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A Modest Proposal: the Inverse-Burqa Law

When I say "too much," I am speaking from the strictly aesthetic, not the moral, point of view. In every British town and city, fat and lumpen British girls, as often as not tattooed, who represent a constant diet of fast food, soft drinks, and too much beer made pale flesh, come out into the streets on Friday and Saturday scantily clad, to scream and shout like the vulgar drunken slatterns they mostly are. Here, if anywhere, is the place for the niqab and the burqa.

These garments would have several advantages. First, of course, is that they would add (admittedly by subtracting from ugliness) to the aesthetics of our streets. They would also make it more difficult for the women inside them to drink too much, thus serving a public health function; and they would muffle the sound of their loud moronic expostulations, surely an end to be cherished by anyone who values intelligence and culture.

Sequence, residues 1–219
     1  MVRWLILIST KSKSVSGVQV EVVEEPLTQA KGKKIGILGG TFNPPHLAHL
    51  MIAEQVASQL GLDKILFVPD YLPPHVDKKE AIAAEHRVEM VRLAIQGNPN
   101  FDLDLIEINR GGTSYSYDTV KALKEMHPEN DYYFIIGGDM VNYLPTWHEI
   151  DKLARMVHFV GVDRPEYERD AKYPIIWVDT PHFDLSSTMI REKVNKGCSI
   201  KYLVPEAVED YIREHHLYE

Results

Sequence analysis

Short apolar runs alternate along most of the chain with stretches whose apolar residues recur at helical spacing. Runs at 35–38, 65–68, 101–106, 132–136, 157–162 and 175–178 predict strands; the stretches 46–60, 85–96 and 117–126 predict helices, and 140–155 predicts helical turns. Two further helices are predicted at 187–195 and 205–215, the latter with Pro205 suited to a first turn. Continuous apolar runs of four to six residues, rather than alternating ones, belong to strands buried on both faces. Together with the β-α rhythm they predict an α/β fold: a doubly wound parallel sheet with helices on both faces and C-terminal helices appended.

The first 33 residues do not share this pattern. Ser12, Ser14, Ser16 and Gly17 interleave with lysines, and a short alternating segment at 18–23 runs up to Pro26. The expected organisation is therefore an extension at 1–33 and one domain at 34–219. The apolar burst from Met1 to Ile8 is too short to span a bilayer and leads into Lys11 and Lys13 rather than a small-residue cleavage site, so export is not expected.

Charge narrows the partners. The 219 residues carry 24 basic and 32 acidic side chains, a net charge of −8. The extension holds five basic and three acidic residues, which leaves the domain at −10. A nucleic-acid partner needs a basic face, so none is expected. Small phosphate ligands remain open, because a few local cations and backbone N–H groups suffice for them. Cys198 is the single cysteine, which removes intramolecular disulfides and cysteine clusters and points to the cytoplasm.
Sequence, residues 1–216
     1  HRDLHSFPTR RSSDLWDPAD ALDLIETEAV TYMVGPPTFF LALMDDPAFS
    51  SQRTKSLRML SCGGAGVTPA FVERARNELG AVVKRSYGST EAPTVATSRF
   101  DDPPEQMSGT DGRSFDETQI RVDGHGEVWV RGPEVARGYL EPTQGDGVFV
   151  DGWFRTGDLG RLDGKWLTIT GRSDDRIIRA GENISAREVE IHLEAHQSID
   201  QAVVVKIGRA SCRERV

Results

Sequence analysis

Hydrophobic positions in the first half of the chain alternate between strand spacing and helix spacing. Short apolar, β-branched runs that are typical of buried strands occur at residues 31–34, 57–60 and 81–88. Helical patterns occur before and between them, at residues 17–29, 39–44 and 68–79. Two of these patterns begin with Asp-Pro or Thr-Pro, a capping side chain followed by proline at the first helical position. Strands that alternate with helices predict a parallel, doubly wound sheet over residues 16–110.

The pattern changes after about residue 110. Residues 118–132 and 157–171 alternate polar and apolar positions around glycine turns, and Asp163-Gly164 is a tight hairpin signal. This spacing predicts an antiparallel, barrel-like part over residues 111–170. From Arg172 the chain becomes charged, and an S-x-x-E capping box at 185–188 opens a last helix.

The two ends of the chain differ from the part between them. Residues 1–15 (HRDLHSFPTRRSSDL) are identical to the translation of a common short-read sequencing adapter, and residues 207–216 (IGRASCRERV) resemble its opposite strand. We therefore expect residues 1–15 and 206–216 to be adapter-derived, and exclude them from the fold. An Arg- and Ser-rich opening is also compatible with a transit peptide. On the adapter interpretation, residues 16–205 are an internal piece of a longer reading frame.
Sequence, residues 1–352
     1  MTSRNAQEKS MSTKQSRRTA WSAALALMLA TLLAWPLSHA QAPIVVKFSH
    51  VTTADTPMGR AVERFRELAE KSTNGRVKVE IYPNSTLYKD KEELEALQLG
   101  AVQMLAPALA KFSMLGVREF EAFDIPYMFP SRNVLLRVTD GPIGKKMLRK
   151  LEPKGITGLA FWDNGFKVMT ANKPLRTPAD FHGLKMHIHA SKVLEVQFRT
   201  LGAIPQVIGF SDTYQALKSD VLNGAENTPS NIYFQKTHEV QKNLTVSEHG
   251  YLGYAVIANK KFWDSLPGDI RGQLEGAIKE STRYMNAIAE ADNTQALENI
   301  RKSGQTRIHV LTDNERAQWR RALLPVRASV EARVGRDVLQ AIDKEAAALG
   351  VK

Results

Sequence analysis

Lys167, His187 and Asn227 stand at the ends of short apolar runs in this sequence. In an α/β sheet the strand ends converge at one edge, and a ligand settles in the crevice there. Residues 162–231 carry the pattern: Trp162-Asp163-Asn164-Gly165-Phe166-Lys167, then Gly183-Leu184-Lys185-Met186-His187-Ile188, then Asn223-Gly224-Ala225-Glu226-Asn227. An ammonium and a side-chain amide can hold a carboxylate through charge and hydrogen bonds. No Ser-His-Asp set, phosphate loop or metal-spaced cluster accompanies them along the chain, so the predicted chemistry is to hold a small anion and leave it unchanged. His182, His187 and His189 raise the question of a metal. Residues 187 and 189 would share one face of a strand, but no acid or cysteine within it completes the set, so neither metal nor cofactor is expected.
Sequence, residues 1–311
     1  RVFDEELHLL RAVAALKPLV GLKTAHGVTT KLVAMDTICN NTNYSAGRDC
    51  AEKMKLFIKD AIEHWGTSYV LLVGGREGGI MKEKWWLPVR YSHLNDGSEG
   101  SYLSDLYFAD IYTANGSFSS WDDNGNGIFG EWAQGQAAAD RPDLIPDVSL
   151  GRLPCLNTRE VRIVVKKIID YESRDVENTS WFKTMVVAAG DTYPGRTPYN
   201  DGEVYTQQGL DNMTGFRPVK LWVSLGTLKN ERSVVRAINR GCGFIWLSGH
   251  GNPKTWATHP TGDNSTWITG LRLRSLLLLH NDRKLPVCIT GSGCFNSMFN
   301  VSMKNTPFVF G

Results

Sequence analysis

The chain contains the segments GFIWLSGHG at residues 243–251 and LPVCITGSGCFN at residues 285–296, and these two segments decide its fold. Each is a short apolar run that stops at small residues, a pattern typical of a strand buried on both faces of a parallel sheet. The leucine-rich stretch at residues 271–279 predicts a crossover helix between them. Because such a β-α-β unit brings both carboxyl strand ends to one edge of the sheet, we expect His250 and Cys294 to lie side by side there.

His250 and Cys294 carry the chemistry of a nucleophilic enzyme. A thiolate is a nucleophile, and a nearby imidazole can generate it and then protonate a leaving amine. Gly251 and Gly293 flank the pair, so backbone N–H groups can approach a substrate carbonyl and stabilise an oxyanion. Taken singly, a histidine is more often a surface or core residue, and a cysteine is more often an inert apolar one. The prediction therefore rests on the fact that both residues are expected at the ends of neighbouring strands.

What I would suggest, therefore, is that each town and city set up a committee, along the lines of the Committee of Public Safety in the French Revolution, to determine which young women should be obliged to wear the niqab and the burqa to prevent offenses against public good taste. A first offense would mean the niqab for a determinate period of time; a second, such as exposing a tattoo to public view (two strikes and you’re out), would mean a life sentence of the burqa in public.

My proposal would also calm the fears of Muslims that they were being picked on to the exclusion of others who, after all, merit public control over what they wear no less than they. And this even-handedness is very important in a multicultural society such as ours.